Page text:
Lotus ran hydraulically linked suspension before Mercedes. But unlike the Mercedes FRIC system, the Lotus design has used conventional springs and anti-roll bars to achieve most of the suspension effect, meaning the hydraulic link was only to supplement the spring when the car is heaving up and down.
Hmm, change of tune.. FRIC went from no springs, all hydraulic and air, to everything mechanical.
The hydraulic over mechanical link is interesting. It cannot be seperated from roll behavior. Now it is said to work with heave.. I am guessing this is suggesting pitch ? becuase if springs are already there, then what's the point?
Lotus was unusually open about trying a new internal suspension change this weekend, which suggests it is going down the path followed by Mercedes and having its system control roll as well as heave.
Although the E21 is externally similar to the 2012 car, the suspension package has been changed from that of its immediate predecessors.
The inboard elements of the suspension such as the anti-roll bar and torsion bar ends have been moved inside the footwell and are no longer easily visible when the nose cone is removed.
This is a common solution. The torsion bars, which are operated by the suspension rocker, do not attach rigidly to the chassis in order to provide the spring effect at the wheel. Instead, they react against each other.
This means the springs only work in heave and not in roll. This allows the team to set up the roll stiffness completely independently of the torsion bars.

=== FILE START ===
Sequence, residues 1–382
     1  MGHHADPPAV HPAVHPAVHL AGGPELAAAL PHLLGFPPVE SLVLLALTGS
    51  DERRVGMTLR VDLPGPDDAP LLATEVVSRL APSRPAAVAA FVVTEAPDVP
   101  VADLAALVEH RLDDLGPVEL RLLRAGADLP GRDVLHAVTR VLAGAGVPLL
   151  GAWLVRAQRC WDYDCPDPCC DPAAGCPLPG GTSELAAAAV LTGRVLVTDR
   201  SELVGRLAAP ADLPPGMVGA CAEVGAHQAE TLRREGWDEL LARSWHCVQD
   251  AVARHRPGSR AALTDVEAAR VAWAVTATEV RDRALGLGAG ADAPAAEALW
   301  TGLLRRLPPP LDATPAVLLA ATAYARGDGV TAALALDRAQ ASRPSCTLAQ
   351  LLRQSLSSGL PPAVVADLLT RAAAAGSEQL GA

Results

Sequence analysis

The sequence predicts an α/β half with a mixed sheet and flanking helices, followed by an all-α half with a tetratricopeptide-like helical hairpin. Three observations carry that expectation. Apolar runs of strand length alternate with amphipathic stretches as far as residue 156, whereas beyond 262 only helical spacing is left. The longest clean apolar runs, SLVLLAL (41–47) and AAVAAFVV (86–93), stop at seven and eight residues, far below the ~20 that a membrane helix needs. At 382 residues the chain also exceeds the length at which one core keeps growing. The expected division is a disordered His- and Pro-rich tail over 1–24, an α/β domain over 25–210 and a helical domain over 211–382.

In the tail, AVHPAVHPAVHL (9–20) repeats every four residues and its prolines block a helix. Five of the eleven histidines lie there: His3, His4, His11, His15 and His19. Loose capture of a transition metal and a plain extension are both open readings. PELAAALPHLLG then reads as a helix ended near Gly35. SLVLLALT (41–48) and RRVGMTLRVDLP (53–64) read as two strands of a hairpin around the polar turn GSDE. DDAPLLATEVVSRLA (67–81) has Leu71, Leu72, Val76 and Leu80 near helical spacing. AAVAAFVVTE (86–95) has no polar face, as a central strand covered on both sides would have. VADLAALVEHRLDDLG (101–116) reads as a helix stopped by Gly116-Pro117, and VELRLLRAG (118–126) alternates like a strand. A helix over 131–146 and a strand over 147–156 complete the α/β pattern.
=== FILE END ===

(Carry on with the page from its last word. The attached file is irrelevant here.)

We can also see the rockers use an element linking the bottom of the left rocker to the top of the right rocker.
They wont work in heave in that way, ie no spring force at all. If they were linked top to top then they will work in heave. As for roll, it will work, but that is dependent on the difference of wheel forces left to right. If the right wheel leaves the ground, the left side will collapse as there's no spring force whatsoever (remember no fixed corner springs?
Now since you mentioned anit roll bars, then that may prevent collapse. However what's contradictory now is that you have a roll bar and your corner springs working like a roll bar as well. Having no spring effect for heave.
Unless the FRIC air spring is what is being suggested to support heave?
This is a solution that has been used in the past. Fitting a damper in this position provides damping of the roll motion. This, allied to a mechanical anti-roll bar, solely controls the stiffness and control of roll, again independent of the control for heave stiffness. This diagonally-mounted damper is the reason for the asymmetric bumps on the top of the chassis.
Fitting a damper there wil dampen roll, but it makes things worse for the "floating" torsion springs. They wont support each other predictably.
What Lotus may have done this weekend is replace both the front and rear roll damper and anti-roll bar with linked hydraulic elements.
Ok, we'll see if this all adds up. It's a bit hard to follow what is being said here. It's taking me round the mulberry bush trying to figure it out.